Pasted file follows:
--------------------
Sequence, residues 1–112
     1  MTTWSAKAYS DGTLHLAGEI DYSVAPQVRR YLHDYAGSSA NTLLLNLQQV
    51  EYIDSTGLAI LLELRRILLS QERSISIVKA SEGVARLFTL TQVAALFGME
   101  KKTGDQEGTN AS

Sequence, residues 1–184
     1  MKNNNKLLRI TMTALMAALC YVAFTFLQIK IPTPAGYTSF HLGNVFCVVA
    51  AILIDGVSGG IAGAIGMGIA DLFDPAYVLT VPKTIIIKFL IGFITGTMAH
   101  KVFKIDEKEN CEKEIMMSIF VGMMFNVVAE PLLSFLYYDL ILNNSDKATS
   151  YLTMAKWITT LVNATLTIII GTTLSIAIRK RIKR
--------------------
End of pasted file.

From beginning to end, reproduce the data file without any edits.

Sequence, residues 1–112
     1  MTTWSAKAYS DGTLHLAGEI DYSVAPQVRR YLHDYAGSSA NTLLLNLQQV
    51  EYIDSTGLAI LLELRRILLS QERSISIVKA SEGVARLFTL TQVAALFGME
   101  KKTGDQEGTN AS

Sequence, residues 1–184
     1  MKNNNKLLRI TMTALMAALC YVAFTFLQIK IPTPAGYTSF HLGNVFCVVA
    51  AILIDGVSGG IAGAIGMGIA DLFDPAYVLT VPKTIIIKFL IGFITGTMAH
   101  KVFKIDEKEN CEKEIMMSIF VGMMFNVVAE PLLSFLYYDL ILNNSDKATS
   151  YLTMAKWITT LVNATLTIII GTTLSIAIRK RIKR